WWE Unreleased 1986-1995

DVD Reviews WWE Wrestling


WWE Unreleased 1986-1995 review

For long-time wrestling fans, the idea of a wander around the WWE's tape backup facility is something that we can only dream of. In recent years via the WWE Network and the WWE's YouTube page there have been various glimpses into where WWE stores all the old and forgotten footage, as well a few looks at where old props and archive items are kept. It's truly fascinating stuff, and with the network requiring everything to be digitised, the sheer scale of the footage WWE have archived has become apparent. The idea of putting out a DVD set with matches from the archives that have never been seen seemed like pipe dream, but lo and behold WE have only gone and done it, and there are some absolute gems here.

wwe unreleased 1986 1995 DVDThe first thing I should note is that the return of the one and only Sean Mooney is a very welcome sight on this collection. Mooney is so naturally likeable, and still has that easy charm and delivery that made him such a cult favourite as a backstage interviewer in the late 80s/early 90s. He was younger and offered something different to Mean Gene Okerlund, while he had more gravitas than the "wacky" style of Todd Pettengill (who I also love, but for very different reasons). Mooney was perfect for the era of matches that this release focuses on, and brings a nice counterbalance to the overly scripted, slightly irritating Charly Caruso. She's no Cathy Kelley, that's for sure. Anyway, the links between the matches certainly help to give some context and break things up which is welcome. Of course with these matches having been unreleased, recorded as "dark matches" for the live crowd, or as try-outs for certain superstars there is no commentary, which is hugely jarring at first. However, after a few matches in, you begin to watch the matches without the need of commentary, and it certainly doesn’t detract from the quality of what is on offer.

The matches themselves are always at least interesting, even if they aren't necessary of the highest quality from an in-ring perspective. The first disc is mostly matches from the early days of the "Rock 'n' Wrestling" era, with highlights including Hulk Hogan under a mask as one of The Machines team as "Hulk machine", Hogan tagging alongside a newly babyface "Rowdy" Roddy Piper against Harley Race and Paul Orndorff with Piper still maintaining his hatred of Hogan, despite their common enemy. There is a nice early Owen Hart match against Barry Horowitz, an early Ultimate Warrior squash, as well as a rare match between Andre "The Giant" and Macho Man Randy Savage. It's very much of it’s time, and the style is much slower and deliberate than the average modern WWE match, but it's very enjoyable especially with the huge characters involved. The two Savage vs Warrior matches were very good, while seeing The Powers of Pain vs Demolition with Barbarian and Warlord as the babyfaces is quite the surreal experience. The try-out matches are also a lot of fun here, with Earthquake and Brian "Crush" Adams both having their initial outings here prior to getting their full gimmicks later on.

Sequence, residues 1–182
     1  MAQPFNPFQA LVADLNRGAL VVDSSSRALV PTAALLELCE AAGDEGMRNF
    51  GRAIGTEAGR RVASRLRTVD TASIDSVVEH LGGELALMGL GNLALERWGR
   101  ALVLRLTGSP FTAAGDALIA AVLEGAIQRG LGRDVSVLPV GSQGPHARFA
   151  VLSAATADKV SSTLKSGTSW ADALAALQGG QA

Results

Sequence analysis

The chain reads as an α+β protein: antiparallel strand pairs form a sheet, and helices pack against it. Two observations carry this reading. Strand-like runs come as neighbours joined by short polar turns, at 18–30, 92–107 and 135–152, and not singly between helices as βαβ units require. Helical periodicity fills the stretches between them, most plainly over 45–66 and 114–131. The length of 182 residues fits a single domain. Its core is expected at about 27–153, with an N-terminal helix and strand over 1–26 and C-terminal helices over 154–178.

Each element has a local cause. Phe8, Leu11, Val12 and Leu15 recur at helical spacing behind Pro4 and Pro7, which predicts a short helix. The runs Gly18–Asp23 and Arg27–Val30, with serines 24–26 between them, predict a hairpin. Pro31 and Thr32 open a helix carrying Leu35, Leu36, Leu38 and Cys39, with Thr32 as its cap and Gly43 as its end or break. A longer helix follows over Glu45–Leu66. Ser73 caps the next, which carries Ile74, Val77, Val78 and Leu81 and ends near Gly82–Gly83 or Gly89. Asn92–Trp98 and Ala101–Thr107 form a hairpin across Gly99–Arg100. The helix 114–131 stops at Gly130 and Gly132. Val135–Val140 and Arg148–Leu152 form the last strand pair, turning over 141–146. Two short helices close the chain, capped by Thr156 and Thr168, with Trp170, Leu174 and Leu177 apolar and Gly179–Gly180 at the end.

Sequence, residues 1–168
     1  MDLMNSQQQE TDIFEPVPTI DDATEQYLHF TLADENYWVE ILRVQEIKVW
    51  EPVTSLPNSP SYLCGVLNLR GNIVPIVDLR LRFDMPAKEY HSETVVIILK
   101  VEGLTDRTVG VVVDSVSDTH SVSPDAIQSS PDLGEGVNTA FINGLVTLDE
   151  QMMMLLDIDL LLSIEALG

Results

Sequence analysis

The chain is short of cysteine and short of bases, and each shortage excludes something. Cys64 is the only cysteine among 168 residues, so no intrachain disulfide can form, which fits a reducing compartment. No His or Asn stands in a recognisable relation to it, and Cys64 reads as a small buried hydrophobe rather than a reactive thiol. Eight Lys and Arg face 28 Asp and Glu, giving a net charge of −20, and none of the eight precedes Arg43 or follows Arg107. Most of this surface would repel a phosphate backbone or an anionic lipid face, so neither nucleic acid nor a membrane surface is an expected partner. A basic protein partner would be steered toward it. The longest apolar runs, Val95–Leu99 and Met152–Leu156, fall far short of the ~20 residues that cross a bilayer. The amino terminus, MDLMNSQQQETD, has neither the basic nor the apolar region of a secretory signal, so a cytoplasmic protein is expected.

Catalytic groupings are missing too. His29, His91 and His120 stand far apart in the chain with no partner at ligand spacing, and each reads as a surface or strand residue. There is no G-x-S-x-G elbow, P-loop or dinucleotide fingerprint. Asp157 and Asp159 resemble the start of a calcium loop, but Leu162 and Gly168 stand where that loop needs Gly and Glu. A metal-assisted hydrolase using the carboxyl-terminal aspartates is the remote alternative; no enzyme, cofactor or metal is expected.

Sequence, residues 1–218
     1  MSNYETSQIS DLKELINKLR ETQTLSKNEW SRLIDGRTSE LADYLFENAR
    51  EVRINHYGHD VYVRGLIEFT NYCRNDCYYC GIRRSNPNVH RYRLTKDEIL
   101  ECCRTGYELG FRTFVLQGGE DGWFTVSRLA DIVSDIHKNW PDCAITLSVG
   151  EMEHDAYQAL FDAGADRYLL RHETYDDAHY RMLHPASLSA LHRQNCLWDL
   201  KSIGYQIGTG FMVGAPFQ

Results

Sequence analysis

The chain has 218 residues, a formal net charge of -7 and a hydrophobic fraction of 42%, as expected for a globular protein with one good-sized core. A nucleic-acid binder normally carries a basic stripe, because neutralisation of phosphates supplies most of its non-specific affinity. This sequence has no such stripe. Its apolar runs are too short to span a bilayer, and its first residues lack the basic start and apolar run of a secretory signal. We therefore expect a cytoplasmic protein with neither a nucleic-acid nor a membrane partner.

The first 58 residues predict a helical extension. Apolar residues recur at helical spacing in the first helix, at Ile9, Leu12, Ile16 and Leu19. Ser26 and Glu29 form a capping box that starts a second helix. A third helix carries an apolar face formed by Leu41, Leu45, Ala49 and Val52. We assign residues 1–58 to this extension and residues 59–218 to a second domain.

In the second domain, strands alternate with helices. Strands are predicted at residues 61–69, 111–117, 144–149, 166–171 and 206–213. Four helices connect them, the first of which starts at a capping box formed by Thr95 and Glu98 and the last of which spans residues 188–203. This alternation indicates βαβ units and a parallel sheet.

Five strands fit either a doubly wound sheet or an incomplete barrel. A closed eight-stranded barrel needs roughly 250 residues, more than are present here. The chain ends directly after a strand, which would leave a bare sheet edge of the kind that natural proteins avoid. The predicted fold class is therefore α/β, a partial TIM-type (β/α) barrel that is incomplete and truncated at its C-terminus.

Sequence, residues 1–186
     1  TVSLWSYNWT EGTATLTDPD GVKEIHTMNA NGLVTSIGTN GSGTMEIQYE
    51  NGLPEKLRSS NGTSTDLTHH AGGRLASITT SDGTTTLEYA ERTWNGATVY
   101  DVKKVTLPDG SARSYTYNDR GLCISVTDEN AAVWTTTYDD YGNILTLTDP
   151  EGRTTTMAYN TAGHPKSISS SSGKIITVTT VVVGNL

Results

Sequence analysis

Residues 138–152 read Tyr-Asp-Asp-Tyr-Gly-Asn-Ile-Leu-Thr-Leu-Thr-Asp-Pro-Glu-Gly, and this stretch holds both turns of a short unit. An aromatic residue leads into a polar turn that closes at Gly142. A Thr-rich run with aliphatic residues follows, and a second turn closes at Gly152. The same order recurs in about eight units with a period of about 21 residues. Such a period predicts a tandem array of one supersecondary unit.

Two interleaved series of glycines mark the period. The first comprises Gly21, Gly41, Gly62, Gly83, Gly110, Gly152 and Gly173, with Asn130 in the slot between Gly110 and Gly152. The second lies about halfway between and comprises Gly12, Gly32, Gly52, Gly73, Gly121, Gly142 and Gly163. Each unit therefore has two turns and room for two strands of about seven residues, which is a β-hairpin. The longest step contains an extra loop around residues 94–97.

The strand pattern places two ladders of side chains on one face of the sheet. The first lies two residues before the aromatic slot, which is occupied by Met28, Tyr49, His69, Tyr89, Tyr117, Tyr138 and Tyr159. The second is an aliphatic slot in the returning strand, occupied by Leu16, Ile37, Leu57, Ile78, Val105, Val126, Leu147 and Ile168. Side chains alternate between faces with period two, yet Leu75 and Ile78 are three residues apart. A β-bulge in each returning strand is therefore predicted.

Disc two deals more with the 1990 to 1993 period with some matches that are a bit more similar to the common matches from feuds and PPVs at the time. Lots to see on this disc, but the highlights included The Legion of Doom taking on Demolition during the masked heel run they had just prior to being repackaged, Sycho Sid working as a babyface against Ted DiBiase, an early casket match from The Ultimate Warrior and The Undertaker, as well as an unexpectedly fun encounter between Undertaker and Bam Bam Bigelow. It was interesting to see RIc Flair vs Hulk Hogan in a WWE ring, but you can see from the match, and the crowd reaction why this didn’t end up being the Wrestlemania 8 programme. Bret “Hit Man” Hart & The Ultimate Warrior vs Papa Shango & Kamala was a bizarre affair, but was surprisingly enjoyable, while the less said about "The Toxic Turtles" (a gimmick so brazenly ripped off from TMNT that it's not hard to see why it never made air) the better. Of course, we also get an early Tatanka match, possibly a try-out, under the delightful guise of War Eagle, which is just fantastic as a name. Again, it's a mixed bag in match quality, but it's all interesting.

The final disc focuses more on the early 1990s and the "New Generation" era. Starting out with the Undertaker vs Giant Gonzalez in an abysmal match, things get much better with several stellar Intercontinental title matches, including Shawn Michaels vs Mr Perfect, Jeff Jarrett vs The British Bulldog and Jarrett vs Razor Ramon (both in ladder matches, oddly). Bret “Hit Man” Hart vs Jim “The Anvil” Neidhart was much more fun than expected. However, the most noteworthy match on this disc is surely the tag match featuring Shawn Michaels and Bret “Hit Man” Hart as a tag team against Hakushi and Jerry “The King” Lawler, which given the relationship between the two in the years following, is very intriguing. I will say, whoever suggested Diesel vs Yokozuna in a steel cage was a good idea, was sadly mistaken and that is one to perhaps give a miss.

WWE Unreleased 1986-1995 is probably one of the most enjoyable, and interesting sets WWE have put out in a good few years. Of course it's aimed squarely at long-time fans and plays on the nostalgia and intrigue of what is not shown on TV, but it was a really enjoyable set and one that is a must buy for hardcore WWE fans.


Tom Mimnagh is Screenjabber's Wrestling Editor and a Contributing Writer to the site. He's a lover not a fighter (unless you’re having a pop at John Carpenter), a geek extraordinaire, raconteur and purveyor of fine silks. He also enjoyed Terminator Genisys more than the average person (as in, a bit), but don’t hold that against him.

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